Palmer, who has done research about how HBCUs provide safe environments and positive education communities for Black students, noted how the additional police presence could look unwarranted to observers, given that reports about the protests say they have been peaceful.
“It almost seems like the institution is compliant with encroaching upon the rights of the protesters,” he said. “But I do want to emphasize that the institution is forced to have this delicate engagement … They have to try and be accommodating, given the fact that they are part of the community.”
Slaughter said he understands the cautious approach taken by the university's chancellor, Karrie Dixon, and other area college leaders, who moved to remote classes and operations this week and closed residence halls. But he thinks the colleges’ decision and the increased presence of law enforcement is an outsize response to peaceful protests. He participated in the protests and said there was no violence.
“I feel like it’s unnecessary,” he said. “It’s like they’re treating us like animals.”
Dixon noted in the statement Wednesday that the protesters are engaging in “the peaceful raising of voices” and “firm call for justice.”
Jimmy Chambers, a junior and president of the Student Government Association, who also took part in protests he described as a peaceful scene, said the curfew has discouraged and upset people.
“I hate that the curfew was put in place, because of the fact that they were doing it so peacefully,” Chambers said. “No one was at harm in any way.”
John Maurice, president of Mid-Atlantic Christian University, which is just a few blocks away from where the protests are being held, said community members have been “peaceful and orderly” and as of Wednesday afternoon he had heard of only two arrests of protesters who broke the curfew.
“I don’t feel threatened by the citizens of our community,” Maurice said. But the leaders of the three colleges in the city -- Mid-Atlantic Christian, Elizabeth City State and College of the Albemarle -- were informed of “chatter that’s out there in social media about outside influencers coming into the community,” he said.
Norma Houston, chief of staff for the UNC system, said some of the officers sent to Elizabeth City State are campus police from other system campuses, such as East Carolina University and North Carolina Central University. The Elizabeth City State campus police chief requested the additional support. These additional officers are there to support the campus, not city police, she said.
“ECSU has a very small campus police force, and they have been working around the clock,” Houston said. “To the extent that something were to happen on the campus, they have a very small force itself, and they could not reach out to local law enforcement to assist them because local law enforcement are busy out in the city.”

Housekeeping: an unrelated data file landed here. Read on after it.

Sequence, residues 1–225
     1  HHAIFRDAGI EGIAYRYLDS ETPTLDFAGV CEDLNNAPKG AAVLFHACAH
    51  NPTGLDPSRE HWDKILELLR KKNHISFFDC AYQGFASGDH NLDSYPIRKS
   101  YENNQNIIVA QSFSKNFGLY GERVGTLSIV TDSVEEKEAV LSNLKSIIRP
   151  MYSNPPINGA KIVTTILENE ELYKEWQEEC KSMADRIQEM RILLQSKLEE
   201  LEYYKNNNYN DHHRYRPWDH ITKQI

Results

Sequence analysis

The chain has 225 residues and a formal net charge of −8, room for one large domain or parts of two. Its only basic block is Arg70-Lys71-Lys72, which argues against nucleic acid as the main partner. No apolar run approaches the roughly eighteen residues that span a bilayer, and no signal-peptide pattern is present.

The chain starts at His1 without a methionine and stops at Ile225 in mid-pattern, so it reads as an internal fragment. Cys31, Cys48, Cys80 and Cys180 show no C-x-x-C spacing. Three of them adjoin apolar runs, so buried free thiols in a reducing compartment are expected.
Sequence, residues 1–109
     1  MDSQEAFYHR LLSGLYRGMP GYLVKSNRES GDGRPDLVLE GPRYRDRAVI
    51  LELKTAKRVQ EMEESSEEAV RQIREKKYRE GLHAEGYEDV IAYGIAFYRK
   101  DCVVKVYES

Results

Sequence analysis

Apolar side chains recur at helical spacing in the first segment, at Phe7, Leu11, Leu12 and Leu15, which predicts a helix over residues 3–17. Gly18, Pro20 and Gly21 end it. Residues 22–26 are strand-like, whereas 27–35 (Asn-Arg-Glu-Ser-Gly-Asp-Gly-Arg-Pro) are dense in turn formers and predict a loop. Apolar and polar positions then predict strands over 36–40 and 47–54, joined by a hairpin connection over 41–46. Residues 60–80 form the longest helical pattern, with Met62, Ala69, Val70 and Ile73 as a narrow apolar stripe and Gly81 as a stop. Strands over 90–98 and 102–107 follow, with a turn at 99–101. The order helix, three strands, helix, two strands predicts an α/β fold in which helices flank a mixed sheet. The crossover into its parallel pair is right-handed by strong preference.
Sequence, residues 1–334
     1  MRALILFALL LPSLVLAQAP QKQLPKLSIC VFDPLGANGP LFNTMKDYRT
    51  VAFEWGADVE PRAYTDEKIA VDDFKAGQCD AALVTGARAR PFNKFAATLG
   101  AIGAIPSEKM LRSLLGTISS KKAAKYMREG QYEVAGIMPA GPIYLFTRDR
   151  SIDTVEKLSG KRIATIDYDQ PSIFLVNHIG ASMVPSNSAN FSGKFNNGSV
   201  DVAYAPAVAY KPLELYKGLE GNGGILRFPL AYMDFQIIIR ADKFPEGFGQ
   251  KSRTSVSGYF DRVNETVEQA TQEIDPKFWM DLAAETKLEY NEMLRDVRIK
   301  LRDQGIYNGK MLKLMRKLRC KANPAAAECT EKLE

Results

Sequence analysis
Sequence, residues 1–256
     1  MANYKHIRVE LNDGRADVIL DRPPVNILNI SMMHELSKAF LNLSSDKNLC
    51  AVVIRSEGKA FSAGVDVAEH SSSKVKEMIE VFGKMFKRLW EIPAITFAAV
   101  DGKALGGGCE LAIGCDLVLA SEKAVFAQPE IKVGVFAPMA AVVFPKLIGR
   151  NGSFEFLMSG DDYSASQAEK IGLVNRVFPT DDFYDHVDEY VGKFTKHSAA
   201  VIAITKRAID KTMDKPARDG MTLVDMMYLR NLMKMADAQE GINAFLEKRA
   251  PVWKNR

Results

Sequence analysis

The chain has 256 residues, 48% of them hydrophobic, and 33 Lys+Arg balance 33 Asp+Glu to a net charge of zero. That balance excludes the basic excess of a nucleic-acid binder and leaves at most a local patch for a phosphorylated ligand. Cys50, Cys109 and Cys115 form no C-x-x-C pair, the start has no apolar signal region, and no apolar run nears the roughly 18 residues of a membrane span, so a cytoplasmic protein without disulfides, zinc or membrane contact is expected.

Houston acknowledged “the pain and the anxiety that that entire community is experiencing” and how an added police presence might contribute to these feelings. But the system gave discretion to Dixon, whom officials trust to “appropriately serve the community in this time of tragedy.”
Many Elizabeth City State University students, including Slaughter and Chambers, and some alumni defended Dixon even as others criticized her. They noted that the decision to house police on campus was a difficult one and out of her hands. Chambers praised Dixon’s leadership and asked that students give university administrators the benefit of the doubt.
“It wasn’t nothing like, ‘OK, we’re going to kick the students out to bring the officers in.’ That’s not something the university would ever think to do,” he said. “I always try to tell students to step back. The school is giving us a whole lot of information. They’re being transparent. A lot of the time, we look at Twitter before looking at the information that ECSU has put out.”
Peter Eley, a mathematics professor at Fayetteville State University, also a historically Black university in the UNC system, and chairman of the Elizabeth City State University Foundation, asked for students to consider the perspective of university leadership. He characterized the social media outrage over housing officers on campus a response to “miscommunication and bad information.”
“The students were asked to leave for their own safety and to be proactive,” Eley said. “When people send their children to the university, they want them to remain safe and become educated … This mess of them being sent home to house officers came from someone’s imagination at best.”